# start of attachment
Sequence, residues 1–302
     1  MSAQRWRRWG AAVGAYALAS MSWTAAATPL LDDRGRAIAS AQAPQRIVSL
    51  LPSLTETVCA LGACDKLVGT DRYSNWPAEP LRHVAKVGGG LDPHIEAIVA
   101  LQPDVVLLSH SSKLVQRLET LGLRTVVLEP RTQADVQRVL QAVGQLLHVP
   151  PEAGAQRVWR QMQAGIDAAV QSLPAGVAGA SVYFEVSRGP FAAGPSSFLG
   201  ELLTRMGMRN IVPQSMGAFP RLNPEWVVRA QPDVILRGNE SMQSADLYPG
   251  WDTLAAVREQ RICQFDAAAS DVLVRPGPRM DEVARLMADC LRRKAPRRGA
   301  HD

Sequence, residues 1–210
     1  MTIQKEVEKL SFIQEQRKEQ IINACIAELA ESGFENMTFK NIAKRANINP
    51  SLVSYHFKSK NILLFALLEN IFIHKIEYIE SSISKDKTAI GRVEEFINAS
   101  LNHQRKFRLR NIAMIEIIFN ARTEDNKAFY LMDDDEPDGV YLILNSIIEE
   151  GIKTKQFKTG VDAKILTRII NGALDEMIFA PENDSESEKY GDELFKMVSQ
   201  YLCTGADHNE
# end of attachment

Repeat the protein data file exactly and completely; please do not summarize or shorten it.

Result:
Sequence, residues 1–302
     1  MSAQRWRRWG AAVGAYALAS MSWTAAATPL LDDRGRAIAS AQAPQRIVSL
    51  LPSLTETVCA LGACDKLVGT DRYSNWPAEP LRHVAKVGGG LDPHIEAIVA
   101  LQPDVVLLSH SSKLVQRLET LGLRTVVLEP RTQADVQRVL QAVGQLLHVP
   151  PEAGAQRVWR QMQAGIDAAV QSLPAGVAGA SVYFEVSRGP FAAGPSSFLG
   201  ELLTRMGMRN IVPQSMGAFP RLNPEWVVRA QPDVILRGNE SMQSADLYPG
   251  WDTLAAVREQ RICQFDAAAS DVLVRPGPRM DEVARLMADC LRRKAPRRGA
   301  HD

Sequence, residues 1–210
     1  MTIQKEVEKL SFIQEQRKEQ IINACIAELA ESGFENMTFK NIAKRANINP
    51  SLVSYHFKSK NILLFALLEN IFIHKIEYIE SSISKDKTAI GRVEEFINAS
   101  LNHQRKFRLR NIAMIEIIFN ARTEDNKAFY LMDDDEPDGV YLILNSIIEE
   151  GIKTKQFKTG VDAKILTRII NGALDEMIFA PENDSESEKY GDELFKMVSQ
   201  YLCTGADHNE